A Tax Cut a Week in the House

In spite of the "PayGo" logjam over whether or not tax cuts ought to be offset, which continues to prevent passage of a budget resolution, the House persists with its "a tax cut a week" schedule.

In recent weeks, the House has passed tax cuts at a cost of over $500 billion over the next ten years - none of which is offset. They include:

  • H.R. 4181 to make permanent expanded tax breaks for married couples.
  • H.R. 4227 for a one-year adjustment of the Alternative Minimum Tax.
  • H.R. 4275 (AMT) to make permanent the expanded 10 percent tax bracket.

This week, the House is scheduled to consider H.R. 4359, which would make the $1,000-per-child tax credit permanent.

These tax cuts were originally part of the first Bush tax cut (The Economic Growth and Tax Relief Reconcilation Act passed in 2001 at a 10-year cost of $1.3 to $1.6 trillion) and are scheduled to "sunset," or return to previous law, in 2005. All of the 2001 tax cuts were passed with complicated phase-in and sunset provisions through 2010. Permanent extension of all of the 2001 tax cuts — including those, such as the estate tax repeal, that benefit only the wealthiest — is high on the President's priorities. "Fixing" the AMT, which has not risen with inflation and threatens middle-class taxpayers with higher taxes, is also a high, but costly, priority. For more on the AMT, see an OMB Watch analysis.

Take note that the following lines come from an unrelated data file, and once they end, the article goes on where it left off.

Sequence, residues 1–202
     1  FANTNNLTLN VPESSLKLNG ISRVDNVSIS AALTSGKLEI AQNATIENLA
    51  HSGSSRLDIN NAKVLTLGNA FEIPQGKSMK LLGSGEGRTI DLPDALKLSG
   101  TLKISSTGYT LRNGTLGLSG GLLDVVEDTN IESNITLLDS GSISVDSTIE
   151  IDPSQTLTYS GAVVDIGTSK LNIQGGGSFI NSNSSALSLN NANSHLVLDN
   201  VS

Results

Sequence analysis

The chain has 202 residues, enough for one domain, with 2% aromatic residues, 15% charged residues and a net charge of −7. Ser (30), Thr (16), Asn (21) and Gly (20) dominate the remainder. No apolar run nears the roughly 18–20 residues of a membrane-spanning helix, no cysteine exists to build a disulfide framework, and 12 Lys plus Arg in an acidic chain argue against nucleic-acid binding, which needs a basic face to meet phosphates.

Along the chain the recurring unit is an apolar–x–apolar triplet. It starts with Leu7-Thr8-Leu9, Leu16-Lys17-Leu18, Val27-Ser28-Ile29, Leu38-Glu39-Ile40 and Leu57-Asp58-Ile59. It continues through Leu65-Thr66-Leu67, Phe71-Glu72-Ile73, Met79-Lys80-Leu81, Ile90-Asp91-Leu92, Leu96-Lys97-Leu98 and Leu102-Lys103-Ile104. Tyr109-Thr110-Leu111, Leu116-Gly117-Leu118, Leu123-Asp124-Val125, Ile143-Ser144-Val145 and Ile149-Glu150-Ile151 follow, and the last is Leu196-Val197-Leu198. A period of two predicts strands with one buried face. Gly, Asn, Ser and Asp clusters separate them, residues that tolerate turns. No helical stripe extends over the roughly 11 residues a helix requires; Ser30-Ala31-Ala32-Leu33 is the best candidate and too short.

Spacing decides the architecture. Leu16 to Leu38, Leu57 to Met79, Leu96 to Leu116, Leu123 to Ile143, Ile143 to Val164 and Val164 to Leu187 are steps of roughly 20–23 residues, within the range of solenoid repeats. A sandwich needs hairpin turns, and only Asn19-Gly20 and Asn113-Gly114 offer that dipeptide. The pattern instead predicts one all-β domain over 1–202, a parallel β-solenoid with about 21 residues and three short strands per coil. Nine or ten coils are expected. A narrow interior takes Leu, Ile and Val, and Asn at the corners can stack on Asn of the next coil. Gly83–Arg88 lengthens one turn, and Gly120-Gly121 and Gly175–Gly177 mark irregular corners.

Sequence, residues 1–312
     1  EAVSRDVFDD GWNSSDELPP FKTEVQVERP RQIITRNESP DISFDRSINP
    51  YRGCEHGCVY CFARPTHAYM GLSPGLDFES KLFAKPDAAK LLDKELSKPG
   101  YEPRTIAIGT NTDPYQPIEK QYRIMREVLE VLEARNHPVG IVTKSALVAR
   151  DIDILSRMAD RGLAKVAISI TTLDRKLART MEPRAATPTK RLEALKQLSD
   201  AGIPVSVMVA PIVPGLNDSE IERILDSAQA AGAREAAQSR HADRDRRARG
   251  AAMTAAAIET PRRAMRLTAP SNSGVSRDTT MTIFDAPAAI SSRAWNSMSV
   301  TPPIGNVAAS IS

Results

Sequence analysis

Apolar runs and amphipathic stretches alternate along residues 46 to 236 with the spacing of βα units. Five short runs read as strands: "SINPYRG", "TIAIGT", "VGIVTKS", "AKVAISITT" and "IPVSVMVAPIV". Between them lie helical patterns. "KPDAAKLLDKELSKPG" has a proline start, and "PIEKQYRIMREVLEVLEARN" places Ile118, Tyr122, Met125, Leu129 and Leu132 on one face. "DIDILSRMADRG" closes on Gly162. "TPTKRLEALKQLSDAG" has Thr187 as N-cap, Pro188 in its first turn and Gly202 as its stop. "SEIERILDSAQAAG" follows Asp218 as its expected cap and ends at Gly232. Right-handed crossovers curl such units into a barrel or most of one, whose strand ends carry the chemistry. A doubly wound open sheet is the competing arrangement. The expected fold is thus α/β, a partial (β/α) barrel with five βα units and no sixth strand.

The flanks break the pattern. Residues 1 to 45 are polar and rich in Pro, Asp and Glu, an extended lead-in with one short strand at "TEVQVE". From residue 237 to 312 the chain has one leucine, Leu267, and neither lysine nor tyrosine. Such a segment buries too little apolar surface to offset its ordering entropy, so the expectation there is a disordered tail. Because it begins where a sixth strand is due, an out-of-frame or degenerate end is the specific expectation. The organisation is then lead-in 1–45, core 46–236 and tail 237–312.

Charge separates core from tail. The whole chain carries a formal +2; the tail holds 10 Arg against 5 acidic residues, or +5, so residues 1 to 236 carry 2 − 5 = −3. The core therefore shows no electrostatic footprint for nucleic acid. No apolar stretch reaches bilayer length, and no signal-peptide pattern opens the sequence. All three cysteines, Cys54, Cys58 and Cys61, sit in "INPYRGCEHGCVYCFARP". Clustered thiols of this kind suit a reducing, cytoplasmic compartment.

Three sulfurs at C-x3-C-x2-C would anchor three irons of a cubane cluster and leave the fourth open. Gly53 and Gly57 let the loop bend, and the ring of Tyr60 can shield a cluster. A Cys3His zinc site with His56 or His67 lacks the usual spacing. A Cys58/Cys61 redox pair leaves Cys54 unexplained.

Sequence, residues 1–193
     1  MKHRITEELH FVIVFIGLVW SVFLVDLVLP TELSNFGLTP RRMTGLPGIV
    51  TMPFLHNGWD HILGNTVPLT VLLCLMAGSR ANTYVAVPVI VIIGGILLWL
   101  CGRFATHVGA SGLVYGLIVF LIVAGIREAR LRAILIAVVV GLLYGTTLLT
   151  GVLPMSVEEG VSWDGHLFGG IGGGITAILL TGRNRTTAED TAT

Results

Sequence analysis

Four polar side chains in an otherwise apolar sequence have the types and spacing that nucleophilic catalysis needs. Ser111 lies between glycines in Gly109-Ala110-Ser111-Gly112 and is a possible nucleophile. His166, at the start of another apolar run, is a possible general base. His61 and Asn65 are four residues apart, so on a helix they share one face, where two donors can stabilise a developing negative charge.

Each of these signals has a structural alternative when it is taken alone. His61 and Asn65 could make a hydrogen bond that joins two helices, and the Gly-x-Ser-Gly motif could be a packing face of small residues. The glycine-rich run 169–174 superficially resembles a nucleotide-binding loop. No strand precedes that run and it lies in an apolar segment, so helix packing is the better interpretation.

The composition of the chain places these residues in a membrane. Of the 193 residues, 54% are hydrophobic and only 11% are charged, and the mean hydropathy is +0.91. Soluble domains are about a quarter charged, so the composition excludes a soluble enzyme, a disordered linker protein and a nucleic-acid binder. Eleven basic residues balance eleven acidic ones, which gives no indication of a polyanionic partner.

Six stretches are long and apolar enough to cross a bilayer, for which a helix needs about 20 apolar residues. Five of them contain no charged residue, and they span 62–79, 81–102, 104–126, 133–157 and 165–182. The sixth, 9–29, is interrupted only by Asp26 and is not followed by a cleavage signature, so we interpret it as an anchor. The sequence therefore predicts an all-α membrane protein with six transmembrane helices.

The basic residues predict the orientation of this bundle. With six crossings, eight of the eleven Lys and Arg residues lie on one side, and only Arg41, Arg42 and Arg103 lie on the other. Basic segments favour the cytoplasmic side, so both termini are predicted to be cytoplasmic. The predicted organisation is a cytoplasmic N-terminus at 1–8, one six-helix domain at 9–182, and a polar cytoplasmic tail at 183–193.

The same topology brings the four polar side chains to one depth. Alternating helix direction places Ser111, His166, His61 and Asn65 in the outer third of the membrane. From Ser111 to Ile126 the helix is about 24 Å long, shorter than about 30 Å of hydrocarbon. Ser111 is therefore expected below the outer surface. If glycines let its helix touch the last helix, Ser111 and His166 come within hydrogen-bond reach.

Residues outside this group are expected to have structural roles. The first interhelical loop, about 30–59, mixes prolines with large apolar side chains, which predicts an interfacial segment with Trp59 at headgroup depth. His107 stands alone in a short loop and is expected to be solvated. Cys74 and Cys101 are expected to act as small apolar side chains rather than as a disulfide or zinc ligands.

While there is broad support for these three "middle-class" tax breaks, and for fixing the AMT, there is concern over the pricetag. However, efforts in the House to offset the costs, or make permanency contingent on balancing the budget, have failed.

What is rarely part of the discussion is the reality that the small monetary benefits to individual taxpayers will be offset by reductions in the services that we all depend upon. The money to pay for the tax breaks has to come from somewhere.

Even beyond the costs of the tax cuts — radically decreasing federal revenue even while the costs of the Iraqi conflict grow - the federal tax code is increasingly skewed in favor of investors over workers. An analysis by the Institute on Taxation and Economic Policy, released by Citizens for Tax Justice, shows that personal taxes on earnings are now two and one-half times greater than taxes on investment income. Another analysis by William Gale and Peter Orszag, published in The American Prospect, also presents evidence that "tax cuts enacted during George W. Bush's presidency shift the burden of taxation away from upper-income, capital-owning households and toward the wage-earning households of the lower and middle classes."

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